Most councils have 30% of service users on personal budgets

Most councils hit a target to have 30% of users and carers on personal budgets by April 2011, but wide variations remain in take-up between authorities, show figures released today.

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Most councils hit a target to have 30% of users and carers on personal budgets by April 2011, but wide variations remain in take-up between authorities, show figures released today.

Almost two-thirds of councils met the 30% target set by the Labour government, but one in seven had less than 20% of users and carers on personal budgets, found the survey by the Association of Directors of Adult Social Services and the Think Local Act Personal Partnership.

Overall, an estimated 35% of eligible users and carers – those receiving council-funded support in a community setting – were on personal budgets as of April 2011, with the number of budget holders, almost 340,000, doubling since April 2010.

However, councils have a long way to go to meet a target set by the coalition to have all eligible users on personal budgets by April 2013.

“It is a significant achievement for councils to have exceeded the 30% target for all eligible people to receive a personal budget by March 2011,” said Adass president Peter Hay. “Progress is varied and it’s time for all councils to step up to the plate if we are to achieve the 100% target by April 2013.”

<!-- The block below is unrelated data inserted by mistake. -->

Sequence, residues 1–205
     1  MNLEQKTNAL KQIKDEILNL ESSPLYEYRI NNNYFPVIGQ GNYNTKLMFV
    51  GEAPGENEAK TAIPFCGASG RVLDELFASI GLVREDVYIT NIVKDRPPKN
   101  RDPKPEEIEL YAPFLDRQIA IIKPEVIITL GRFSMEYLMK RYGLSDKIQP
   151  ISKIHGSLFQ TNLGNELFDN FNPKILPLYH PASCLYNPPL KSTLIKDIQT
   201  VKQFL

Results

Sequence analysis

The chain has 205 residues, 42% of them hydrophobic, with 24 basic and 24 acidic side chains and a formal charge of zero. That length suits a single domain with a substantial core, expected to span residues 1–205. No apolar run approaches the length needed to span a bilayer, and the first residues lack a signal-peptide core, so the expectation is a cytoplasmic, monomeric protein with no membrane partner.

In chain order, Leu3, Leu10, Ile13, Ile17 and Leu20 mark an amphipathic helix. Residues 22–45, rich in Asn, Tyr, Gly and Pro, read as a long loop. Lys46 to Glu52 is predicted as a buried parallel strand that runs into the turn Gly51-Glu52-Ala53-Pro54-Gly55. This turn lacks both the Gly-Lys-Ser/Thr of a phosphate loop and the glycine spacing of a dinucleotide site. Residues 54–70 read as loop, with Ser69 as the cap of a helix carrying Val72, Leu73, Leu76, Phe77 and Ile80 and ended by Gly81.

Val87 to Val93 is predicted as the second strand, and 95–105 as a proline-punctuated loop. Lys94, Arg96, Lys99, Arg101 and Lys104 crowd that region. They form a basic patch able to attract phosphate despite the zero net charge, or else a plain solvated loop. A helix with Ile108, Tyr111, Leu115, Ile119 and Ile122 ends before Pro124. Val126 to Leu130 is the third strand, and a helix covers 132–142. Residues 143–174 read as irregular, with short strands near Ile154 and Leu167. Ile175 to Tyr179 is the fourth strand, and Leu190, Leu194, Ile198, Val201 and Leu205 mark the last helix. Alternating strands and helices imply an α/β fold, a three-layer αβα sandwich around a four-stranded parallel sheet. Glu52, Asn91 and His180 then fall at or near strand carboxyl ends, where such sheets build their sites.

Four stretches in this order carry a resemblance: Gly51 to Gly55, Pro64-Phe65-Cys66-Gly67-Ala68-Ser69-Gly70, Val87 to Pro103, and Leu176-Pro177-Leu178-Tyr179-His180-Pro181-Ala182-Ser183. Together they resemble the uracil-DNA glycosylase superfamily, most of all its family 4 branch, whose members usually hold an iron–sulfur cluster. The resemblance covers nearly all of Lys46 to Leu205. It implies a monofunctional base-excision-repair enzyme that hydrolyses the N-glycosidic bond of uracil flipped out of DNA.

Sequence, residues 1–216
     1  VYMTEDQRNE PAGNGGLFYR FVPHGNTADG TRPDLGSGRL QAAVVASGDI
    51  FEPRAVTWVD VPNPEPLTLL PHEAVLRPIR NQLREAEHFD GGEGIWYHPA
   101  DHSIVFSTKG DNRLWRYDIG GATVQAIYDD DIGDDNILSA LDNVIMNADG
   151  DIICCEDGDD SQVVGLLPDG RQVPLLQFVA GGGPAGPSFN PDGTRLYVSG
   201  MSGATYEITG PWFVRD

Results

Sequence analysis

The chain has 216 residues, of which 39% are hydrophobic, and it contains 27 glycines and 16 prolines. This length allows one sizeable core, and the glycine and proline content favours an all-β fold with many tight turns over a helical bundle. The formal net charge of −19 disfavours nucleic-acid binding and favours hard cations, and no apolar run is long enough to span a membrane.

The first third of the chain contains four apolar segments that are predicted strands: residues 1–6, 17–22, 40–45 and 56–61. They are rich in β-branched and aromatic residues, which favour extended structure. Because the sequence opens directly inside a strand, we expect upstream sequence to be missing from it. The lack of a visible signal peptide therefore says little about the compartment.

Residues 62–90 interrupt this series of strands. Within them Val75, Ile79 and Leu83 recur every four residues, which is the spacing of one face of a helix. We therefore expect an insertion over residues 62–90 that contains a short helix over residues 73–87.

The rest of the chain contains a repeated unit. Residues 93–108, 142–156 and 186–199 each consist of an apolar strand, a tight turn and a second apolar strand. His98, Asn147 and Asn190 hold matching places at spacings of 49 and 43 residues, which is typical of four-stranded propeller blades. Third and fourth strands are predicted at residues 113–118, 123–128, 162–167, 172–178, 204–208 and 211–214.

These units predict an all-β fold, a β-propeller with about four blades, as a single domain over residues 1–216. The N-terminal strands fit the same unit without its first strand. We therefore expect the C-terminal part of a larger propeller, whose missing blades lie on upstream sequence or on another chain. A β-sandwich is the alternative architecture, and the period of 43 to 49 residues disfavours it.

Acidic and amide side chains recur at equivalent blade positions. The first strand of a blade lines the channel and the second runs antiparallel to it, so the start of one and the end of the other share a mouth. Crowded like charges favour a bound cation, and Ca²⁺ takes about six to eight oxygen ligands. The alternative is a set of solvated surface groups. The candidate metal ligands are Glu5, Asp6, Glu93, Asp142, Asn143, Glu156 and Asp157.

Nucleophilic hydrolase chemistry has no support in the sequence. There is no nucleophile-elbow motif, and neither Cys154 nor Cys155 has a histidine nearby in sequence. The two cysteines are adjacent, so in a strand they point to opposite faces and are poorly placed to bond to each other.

The survey results come with significant questions being asked about the future of personalisation in the face of budget cuts and the bureaucracy that some councils have applied to the implementation process. A Community Care and Unison survey of social care professionals found just 41% believed personalisation would benefit service users in the long-term, compared with 67% for a similar survey in 2009.

Hay added: “We recognise this is a very testing period for councils in managing the difficult financial environment and its consequences. It is crucial that we maintain momentum in promoting personalisation and self-directed support by taking greater individual and collective responsibility for the delivery of key aspects of policy.”

The figures show that two-thirds of personal budgets were managed by local authorities, as opposed to given to service users as a direct payment, despite government calls for councils to make direct payments the preferred method of delivering personal budgets.

In addition, managed personal budgets accounted for almost all of the 100,000 increase in personal budgets in the second half of 2010-11.

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